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Is Russia really in ruin

The accelerating of its currency and the Russian central bank’s drastic rate rise invoke memories of the 1998 Rouble crisis. Is Russia headed for the worst?


The drastic rate hike from 10.5% to 17% announced yesterday provided some cushion to the ruble today, after it had almost halved in value against the dollar since October. Meanwhile, the main RTS-index has lost more than three quarters of its value in euro terms since July. 
The Crimea crisis fresh in the memory, it seems many have been waiting for an opportunity to get the boot in on Russia, but what does the Central Bank of Russia’s (CBR) latest move mean for investors? 
The move has arguably backfired in the short term with volatile trading in the rouble, a currency which has lost more than half of its value against the dollar this year, not helped by plunging oil prices

Beware a default?

For Laith Khalaf, senior analyst at Hargreaves Lansdown, investors will be reminded of the currency crisis of 1998 and subsequent default on sovereign bonds brought Wall Street to its knees, via the exposure of the giant hedge fund Long Term Capital Management. 
Still, while the currency has significantly weakened this year, he says default by the Government looks unlikely this time around because Russia has relatively low levels of government debt compared to GDP.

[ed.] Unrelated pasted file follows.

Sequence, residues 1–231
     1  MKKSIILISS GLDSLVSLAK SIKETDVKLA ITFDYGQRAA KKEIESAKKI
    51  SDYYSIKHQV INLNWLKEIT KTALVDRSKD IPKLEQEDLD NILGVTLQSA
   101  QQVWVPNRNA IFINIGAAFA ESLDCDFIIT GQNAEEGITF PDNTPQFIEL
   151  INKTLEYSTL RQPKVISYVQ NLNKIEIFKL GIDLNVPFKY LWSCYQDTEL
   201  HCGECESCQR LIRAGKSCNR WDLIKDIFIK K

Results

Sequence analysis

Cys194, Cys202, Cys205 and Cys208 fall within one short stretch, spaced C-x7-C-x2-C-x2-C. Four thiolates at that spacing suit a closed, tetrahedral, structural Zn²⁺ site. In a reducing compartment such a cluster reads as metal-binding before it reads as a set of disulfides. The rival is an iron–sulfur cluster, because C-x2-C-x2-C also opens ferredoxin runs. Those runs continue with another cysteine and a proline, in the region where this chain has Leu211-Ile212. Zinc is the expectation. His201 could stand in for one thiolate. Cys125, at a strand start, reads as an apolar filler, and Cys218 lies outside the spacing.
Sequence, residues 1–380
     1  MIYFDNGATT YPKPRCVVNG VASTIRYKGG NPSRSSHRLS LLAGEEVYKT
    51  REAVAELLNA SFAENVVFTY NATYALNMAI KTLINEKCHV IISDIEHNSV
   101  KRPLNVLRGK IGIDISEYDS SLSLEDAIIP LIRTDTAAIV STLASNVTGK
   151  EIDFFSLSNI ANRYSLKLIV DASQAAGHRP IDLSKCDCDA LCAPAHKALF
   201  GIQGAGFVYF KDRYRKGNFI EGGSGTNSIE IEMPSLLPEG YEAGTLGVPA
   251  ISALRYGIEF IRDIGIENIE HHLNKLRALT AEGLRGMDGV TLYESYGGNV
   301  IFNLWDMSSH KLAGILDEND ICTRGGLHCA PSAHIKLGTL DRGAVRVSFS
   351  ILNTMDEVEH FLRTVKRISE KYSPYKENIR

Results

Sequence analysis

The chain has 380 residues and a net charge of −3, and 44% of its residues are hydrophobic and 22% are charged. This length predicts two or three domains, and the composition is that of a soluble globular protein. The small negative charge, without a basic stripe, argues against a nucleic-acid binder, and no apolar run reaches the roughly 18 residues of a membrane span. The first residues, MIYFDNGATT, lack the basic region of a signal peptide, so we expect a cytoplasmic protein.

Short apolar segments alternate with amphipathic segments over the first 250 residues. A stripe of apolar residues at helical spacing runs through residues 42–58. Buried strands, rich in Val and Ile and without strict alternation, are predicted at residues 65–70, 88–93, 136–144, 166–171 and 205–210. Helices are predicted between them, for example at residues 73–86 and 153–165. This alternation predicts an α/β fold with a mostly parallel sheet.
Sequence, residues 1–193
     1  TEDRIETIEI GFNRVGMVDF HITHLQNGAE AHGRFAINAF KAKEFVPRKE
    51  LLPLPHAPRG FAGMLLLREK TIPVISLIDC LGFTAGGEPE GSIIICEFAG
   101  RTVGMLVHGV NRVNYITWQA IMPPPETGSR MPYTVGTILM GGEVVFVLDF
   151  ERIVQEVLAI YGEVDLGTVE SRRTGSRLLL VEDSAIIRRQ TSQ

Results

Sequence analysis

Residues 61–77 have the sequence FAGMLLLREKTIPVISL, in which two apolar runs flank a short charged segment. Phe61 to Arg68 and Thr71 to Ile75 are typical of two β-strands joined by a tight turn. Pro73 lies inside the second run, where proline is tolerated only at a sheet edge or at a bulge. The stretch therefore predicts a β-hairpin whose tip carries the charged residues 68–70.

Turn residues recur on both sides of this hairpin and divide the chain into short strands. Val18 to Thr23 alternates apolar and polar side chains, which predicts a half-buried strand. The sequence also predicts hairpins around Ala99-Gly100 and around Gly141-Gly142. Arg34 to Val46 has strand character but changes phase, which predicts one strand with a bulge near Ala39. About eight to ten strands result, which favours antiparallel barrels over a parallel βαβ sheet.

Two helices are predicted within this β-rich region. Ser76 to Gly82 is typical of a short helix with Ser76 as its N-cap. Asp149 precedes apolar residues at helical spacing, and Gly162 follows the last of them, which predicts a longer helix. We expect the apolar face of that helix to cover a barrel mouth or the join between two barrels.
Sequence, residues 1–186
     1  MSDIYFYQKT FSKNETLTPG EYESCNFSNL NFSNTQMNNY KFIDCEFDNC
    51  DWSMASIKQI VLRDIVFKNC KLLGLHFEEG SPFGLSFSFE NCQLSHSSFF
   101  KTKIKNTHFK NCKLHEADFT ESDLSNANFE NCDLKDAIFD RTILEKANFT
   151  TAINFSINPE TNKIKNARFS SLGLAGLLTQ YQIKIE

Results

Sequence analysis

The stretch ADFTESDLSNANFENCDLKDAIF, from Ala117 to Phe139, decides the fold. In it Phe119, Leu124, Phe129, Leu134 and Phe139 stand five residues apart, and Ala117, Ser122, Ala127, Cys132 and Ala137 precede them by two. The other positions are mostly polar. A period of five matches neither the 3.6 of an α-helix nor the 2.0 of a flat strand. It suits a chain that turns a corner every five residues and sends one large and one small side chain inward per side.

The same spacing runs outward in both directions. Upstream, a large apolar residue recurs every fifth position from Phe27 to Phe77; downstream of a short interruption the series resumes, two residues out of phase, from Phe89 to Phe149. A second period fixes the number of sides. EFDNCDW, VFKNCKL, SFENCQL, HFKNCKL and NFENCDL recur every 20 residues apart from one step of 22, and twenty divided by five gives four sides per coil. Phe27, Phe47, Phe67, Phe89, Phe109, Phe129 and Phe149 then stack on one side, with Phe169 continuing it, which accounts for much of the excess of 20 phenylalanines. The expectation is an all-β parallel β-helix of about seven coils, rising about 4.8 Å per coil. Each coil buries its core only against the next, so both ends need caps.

“Despite this, the Russian economy and companies do face serious problems and rising interest rates will take a toll on a country which is already on the brink of recession,” he explains. 
“If the price of oil remains around $60 in 2015, Russia could see economic growth contract by 4.5%, according to the Bank of Russia. Meanwhile some Russian companies will have debts denominated in foreign currencies, which will put them under further financial pressure.”
Still, in the longer term, Khalaf believes Russia’s vast natural resources are likely to prove positive while, in common with other emerging markets, it also has a population which is expected to become wealthier. This will do little to calm investors today, though, with the panic threatening to spread to other emerging markets. 

The bottom line

For Sandra Heidman, emerging markets specialist at SEB, the bottom line is that the CBR has finally acted. 
“Because the CBR was slow to react in October and December, hiking by a timid 150bps and 100bps, respectively, it now had to overwhelm markets,” she says. 
“Nevertheless, the hike is unlikely to end volatility in the rouble exchange rate, which will continue to be vulnerable to falling oil prices and threats of additional sanctions.”
Over the next six to 12 months, the hike together with increased domestic dollar availability could boost confidence in the CBR and, by extension, in the rouble. 
“Under the assumption that oil prices will stabilise in Q2 next year and appreciate in Q3 and Q4 in response to cuts in production from more expensive energy sources, the dollar/rouble should return to a fair value of around 45,” Heidman adds.
“Tail risks in the form of new, harsher sanctions as a result of a worsening of the Russia-Ukraine crisis persist, but we think that Russia will continue to try to freeze the conflict in eastern Ukraine, thus avoiding additional sanctions.”